This is still a Quintessential X, a Collector Series, book though and it begins with Character Concepts. Character Concepts are designed a role-playing aids, background ideas for your character that provide the player with guidelines and the character with slightly different game mechanics. It’s here you’ll find the Cribb Addict, Devil Child, Escaped Thrall, Mindshard, Natural Born Killer and the pleasure seeking Sybarite among others. The prestige classes come next. The introduction to the book makes a point of saying that the psychic warrior who uses a double-bladed sword is quite different to one who wields a dagger. We can guess what the prestige class pattern is going to be. The Double-Weapon Fighter is detailed through 10 levels, the Finesse Fighter through 10 levels, Mind Sniper and Power Fighter too. The Psychic Predator suggests something different – and that’s only a 5 level prestige class, the same for the Spell Killer and Trophy Hunter.
The Tricks of the Trade is a much more meaty chapter than normal. It’s here you’ll read about hybrid psychic combat which allows you to combine melee prowess with psychic prowess. You’ll also find all the different and bloody ways to “open the chakras”. I don’t suppose many roleplayers will need explaining what a chakra is, or is supposed to be, but the book does put it into black and white print just to make it clear what this fantasy take of a chakra is going to be. My cheeky remark about carving away the flesh above your chakra, hugely boosting your powers but passing out from blood loss made earlier on in the review isn’t entirely without basis. The rules for opening the chakra go hand in hand with the rules for just how much hit point damage you’ll take. Personally I’d be tempted to whip out a copy of Cthulhu and flick to the insanity tables too.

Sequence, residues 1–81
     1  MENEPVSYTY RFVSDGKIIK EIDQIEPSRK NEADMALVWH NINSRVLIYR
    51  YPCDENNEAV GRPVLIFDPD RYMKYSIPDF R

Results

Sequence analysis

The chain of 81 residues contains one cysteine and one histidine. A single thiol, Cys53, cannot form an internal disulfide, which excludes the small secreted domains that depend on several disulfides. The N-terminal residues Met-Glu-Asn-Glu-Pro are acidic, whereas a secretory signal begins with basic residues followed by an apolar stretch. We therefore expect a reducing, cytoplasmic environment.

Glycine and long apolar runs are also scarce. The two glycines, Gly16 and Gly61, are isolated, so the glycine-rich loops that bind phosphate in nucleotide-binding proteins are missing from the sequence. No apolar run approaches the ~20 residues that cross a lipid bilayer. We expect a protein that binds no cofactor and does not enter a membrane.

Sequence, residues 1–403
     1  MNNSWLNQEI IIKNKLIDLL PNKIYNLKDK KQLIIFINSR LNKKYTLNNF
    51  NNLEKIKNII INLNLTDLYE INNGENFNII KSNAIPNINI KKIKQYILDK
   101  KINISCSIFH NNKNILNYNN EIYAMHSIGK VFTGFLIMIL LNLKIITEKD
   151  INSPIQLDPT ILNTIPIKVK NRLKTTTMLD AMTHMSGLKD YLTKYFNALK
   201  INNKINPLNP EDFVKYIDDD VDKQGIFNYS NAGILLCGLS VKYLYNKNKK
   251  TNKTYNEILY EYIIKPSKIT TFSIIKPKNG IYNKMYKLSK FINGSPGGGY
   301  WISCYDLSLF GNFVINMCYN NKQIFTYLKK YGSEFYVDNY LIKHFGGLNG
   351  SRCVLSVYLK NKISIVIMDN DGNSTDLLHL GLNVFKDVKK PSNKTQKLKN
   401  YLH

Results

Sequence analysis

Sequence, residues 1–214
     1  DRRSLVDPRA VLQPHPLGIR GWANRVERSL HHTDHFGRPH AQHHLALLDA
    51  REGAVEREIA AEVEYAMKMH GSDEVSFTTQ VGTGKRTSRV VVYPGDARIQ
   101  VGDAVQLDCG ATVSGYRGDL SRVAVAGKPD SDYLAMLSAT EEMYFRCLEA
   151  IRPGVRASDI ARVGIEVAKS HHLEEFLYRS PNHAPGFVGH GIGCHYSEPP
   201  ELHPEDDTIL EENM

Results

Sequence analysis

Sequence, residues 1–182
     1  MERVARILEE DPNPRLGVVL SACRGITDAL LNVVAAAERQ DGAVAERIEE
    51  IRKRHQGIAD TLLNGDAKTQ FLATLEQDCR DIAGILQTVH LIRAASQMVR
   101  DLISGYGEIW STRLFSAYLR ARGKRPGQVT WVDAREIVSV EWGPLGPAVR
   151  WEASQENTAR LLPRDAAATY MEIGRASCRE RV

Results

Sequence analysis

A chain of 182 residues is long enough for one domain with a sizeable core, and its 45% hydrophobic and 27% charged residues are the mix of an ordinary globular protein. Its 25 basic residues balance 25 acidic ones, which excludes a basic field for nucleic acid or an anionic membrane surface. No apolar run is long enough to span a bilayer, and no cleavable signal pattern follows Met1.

There are a couple of pages of feats. We all have enough feats now but psionic feats and metapsionic feats are still rather rare and so these few pages are worth more than most newly published collection of feats is.
The Tools of the Trade chapter is meatier than normal too. Hmm. Actually, the rules for psionic prosthetics would suggest that the characters are carrying around rather less meat than normal actually. There are rules and samples of interesting psionic materials like glyss (which makes for especially sharp swords in the psion’s hands or especially broken swords in the hands of anyone else) and weaves of crystals. There is also a fairly hefty list of psychoactive substances and the tools you need for psionic cannibals.
The book would not be complete without pages of new psychic warrior powers. Indeed the crunch-happy legion would be crying for blood if the list were missing. I think they’ll be happy. There are more than enough new powers to please.
Weapon Meditations are the means by which the psychic warrior focuses their devotion onto one particular weapon. Picking one of these meditations allows the psychic warrior to progress through ranks of understanding and ability. New abilities tend to improve skills or give special ability like bonuses. The Battle Trance is a meditation like ability which gets a chapter all to itself. It’s true that the Collector Series doesn’t just simply power up the classes it looks at – but some classes do certainly walk away with an extra level of power.
Psionic Cannibalism has a chapter all to itself.
A Fortress of the Mind is the name given to a community of psychic warriors – or even an especially powerful one living alone. The table of expected income level and the table of building costs for various parts of the Fortress (let’s include a 20ft by 20ft Crèche of the Mind – I kid you not) seem to be slightly out of place. Only slightly though. Building a powerful community of like-minded adventures is rather more the typical high fantasy found in Mongoose books. There are some nice asides in this chapter though, almost casual observations that so many psychics living together might cause the land nearby to warp, animals to act differently and unpleasant predators to be attracted is another nice speck of grit in this gritty book.
There are some rounding off features too note. There’s a detailed index – huzzah! There’s a long collection of tables and charts in the rules summary and that’s always helpful. I don’t like the too-white character sheet but at least one’s provided.
It’s a good book. If you wanted something light and friendly then you’re screwed. As my tolerance for yet more typical fantasy declines it’s a welcome relief to see a book with unexpected teeth in it.